Tennis, the once softly rounded game of love and deuce and green lawns, has marched into the metallic computer age. The Association of Tennis Professionals (ATP) merely feeds in the raw data on, say, Corrado Barazzutti—the tension of his racket gut multiplied by the length of his right sneaker, his finish in the Timbuktu Classic, the velocity of his forehand, his mother's secret recipe for linguine with clam sauce—and, whiz, whir, click, out pops his proper place in the worldwide rankings. Tournaments then use these results to make their seedings. Arthur Ashe, to pick out a player placed somewhat higher than Barazzutti, is such a believer that he is willing to bet anyone $500 at the beginning of a tournament that one of the seeds will win.
"The ATP ratings do not lie," he says. "I'm not saying they're the Bible, but they're up there."
But last week at the U.S. Pro Indoor Championship in Philadelphia's Spectrum, if the computer didn't lie, it did fib a little. Top-seeded Bjorn Borg was folded, spindled and mutilated almost before he could get warmed up. No. 2 Rod Laver managed to lose his first match. Stan Smith, No. 6 seed, and Tom Okker, No. 4, were both indelicately dumped in the third round. No. 3 Guillermo Vilas stayed home in Argentina nursing his dyspepsia. One seed was beaten in the first round, two in the second, seven in the third and two in the fourth.
But if Ashe had bet, he would have won. No. 7 Marty Riessen, the only seed to make it out of the quarterfinals, went on to beat 20-year-old Vitas Gerulaitis in the Sunday final 7-6, 5-7, 6-2, 6-7, 6-3 and earn not only $15,000 but the most important title of his 16 years in big-time tennis.
February 3, 1975
As the kickoff for Lamar Hunt's 1975 World Championship Tennis tour, it was suitable that the U.S. Indoor was scrambled and full of interesting upsets because that is just how the whole tour figures to be. By the time the circuit ends in May with the singles final in Dallas, the tennis nomads will have traveled 73,064 miles and earned more than $2 million in prize money.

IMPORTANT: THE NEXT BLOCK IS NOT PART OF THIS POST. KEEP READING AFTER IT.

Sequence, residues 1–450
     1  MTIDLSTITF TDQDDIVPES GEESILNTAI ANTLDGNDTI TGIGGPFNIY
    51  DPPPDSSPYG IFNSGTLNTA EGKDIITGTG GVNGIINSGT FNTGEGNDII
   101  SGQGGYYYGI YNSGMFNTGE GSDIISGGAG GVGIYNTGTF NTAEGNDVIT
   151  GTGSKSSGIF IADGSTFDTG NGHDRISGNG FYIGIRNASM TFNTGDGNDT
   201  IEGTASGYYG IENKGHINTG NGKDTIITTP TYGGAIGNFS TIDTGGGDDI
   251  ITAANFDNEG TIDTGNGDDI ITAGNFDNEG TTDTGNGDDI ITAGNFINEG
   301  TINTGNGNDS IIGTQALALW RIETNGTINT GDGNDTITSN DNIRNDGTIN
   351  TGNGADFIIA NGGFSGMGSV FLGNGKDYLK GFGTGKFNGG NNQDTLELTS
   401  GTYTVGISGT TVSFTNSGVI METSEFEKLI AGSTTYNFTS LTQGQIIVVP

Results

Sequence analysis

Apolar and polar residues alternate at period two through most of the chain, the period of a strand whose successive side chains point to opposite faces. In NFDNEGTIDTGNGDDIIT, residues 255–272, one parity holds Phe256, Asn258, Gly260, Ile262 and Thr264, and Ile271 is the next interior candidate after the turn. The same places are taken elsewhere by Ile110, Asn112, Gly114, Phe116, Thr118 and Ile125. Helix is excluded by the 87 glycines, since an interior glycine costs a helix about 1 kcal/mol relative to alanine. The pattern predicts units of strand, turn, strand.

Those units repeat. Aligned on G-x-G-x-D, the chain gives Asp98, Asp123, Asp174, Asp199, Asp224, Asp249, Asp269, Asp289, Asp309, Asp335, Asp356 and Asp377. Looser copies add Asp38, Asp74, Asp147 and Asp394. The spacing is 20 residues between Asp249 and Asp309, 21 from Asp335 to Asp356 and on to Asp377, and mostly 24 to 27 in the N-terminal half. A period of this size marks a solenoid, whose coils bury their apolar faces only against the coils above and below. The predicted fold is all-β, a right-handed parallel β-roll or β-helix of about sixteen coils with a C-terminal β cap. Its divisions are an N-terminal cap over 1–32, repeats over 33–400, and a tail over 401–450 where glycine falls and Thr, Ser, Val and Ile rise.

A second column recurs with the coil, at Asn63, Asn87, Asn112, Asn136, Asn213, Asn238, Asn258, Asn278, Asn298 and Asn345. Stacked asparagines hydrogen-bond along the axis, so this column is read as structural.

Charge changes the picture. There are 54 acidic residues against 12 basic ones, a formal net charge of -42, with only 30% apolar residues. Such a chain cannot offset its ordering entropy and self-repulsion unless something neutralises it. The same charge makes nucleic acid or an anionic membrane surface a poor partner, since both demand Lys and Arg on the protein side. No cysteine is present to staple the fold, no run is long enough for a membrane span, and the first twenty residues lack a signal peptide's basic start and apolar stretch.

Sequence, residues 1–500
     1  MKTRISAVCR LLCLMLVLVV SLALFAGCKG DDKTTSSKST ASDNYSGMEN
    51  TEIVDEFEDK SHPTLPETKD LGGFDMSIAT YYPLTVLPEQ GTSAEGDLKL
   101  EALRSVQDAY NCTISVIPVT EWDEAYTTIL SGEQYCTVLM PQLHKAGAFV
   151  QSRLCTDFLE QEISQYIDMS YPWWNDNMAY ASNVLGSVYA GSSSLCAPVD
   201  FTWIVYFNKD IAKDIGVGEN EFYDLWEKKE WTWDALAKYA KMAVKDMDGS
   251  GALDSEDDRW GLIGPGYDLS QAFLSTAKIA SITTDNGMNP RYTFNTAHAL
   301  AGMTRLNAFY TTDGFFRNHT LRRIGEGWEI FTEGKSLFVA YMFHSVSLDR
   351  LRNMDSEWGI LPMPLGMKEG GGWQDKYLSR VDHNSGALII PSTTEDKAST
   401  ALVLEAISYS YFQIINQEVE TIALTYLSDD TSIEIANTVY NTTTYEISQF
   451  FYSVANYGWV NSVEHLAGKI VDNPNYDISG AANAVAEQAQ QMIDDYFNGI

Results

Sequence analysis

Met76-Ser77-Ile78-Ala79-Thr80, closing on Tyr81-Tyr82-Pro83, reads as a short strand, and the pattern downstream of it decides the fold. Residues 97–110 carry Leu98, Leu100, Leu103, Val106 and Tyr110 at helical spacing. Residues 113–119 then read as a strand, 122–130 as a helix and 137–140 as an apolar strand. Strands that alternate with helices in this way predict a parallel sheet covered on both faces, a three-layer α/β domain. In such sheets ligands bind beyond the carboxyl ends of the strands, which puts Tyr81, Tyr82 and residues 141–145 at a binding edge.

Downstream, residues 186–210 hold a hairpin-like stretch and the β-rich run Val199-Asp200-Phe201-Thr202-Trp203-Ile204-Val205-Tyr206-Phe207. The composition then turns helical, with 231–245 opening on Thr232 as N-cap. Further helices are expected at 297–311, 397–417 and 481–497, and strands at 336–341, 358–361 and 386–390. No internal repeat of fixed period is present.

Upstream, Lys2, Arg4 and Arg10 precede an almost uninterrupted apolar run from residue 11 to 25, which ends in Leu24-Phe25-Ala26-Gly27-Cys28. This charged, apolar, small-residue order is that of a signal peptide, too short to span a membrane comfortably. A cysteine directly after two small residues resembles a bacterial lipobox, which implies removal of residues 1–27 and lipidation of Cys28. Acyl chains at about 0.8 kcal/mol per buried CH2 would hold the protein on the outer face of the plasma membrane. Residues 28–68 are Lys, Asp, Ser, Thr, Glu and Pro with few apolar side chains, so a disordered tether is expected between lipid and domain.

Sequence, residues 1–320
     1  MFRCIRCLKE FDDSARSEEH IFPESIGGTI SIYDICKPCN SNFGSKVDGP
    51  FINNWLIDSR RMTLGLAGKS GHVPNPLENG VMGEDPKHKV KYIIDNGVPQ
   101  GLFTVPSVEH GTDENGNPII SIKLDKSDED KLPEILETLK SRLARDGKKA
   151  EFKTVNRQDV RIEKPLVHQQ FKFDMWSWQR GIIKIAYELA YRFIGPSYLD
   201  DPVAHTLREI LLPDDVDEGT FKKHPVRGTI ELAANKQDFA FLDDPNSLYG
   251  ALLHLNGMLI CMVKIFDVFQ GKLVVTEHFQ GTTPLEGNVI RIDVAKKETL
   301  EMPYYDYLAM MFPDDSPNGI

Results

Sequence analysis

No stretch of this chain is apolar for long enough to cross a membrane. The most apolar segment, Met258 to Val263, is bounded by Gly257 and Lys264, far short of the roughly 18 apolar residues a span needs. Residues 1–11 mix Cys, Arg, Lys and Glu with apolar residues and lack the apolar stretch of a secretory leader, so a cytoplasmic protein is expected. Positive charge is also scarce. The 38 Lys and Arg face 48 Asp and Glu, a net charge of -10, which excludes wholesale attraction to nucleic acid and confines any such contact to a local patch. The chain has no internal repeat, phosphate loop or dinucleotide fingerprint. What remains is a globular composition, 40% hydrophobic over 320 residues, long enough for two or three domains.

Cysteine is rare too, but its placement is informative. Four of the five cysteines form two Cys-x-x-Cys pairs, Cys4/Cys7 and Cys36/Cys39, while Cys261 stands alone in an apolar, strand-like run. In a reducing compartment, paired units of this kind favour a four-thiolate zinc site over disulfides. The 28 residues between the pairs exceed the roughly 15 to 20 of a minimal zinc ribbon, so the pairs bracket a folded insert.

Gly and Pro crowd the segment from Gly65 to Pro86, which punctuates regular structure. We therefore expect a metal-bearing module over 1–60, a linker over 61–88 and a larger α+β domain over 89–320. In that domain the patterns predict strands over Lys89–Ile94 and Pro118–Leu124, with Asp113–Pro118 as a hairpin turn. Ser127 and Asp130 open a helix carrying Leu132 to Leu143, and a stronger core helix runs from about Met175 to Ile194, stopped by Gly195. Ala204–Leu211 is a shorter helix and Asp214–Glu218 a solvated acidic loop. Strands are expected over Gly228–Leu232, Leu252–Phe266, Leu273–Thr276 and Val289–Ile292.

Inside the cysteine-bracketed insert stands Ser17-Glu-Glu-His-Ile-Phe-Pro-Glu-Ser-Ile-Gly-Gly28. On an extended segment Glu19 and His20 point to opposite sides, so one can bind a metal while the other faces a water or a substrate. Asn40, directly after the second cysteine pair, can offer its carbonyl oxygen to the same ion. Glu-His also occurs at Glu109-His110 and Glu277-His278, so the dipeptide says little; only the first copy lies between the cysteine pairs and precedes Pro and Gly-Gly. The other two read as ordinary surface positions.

Ashe himself took part in the most interesting upset of the week. In the quarters he met unseeded Jaime Fillol of Chile and did not seem too perturbed when he lost the first set in a tie breaker, 7-6. He breezed in the second set, 6-2. Four times in the third he had match point on Fillol—one point separating him from victory. Each time Fillol managed to wiggle off the hook. When the score reached 6-6, they played the WCT sudden-death tie breaker, in which the first player to reach seven points wins. Ashe took a 6-3 lead and thus had the splendid luxury of needing to win only one of the four possible match points. Fillol served twice and won to hoist himself to 5-6. It was Ashe's turn to serve, a distinct advantage. But he hit a low volley out of bounds, making it 6-6 and match point either way. He served again, raced up to hit a relatively easy forehand volley—and put it into the net.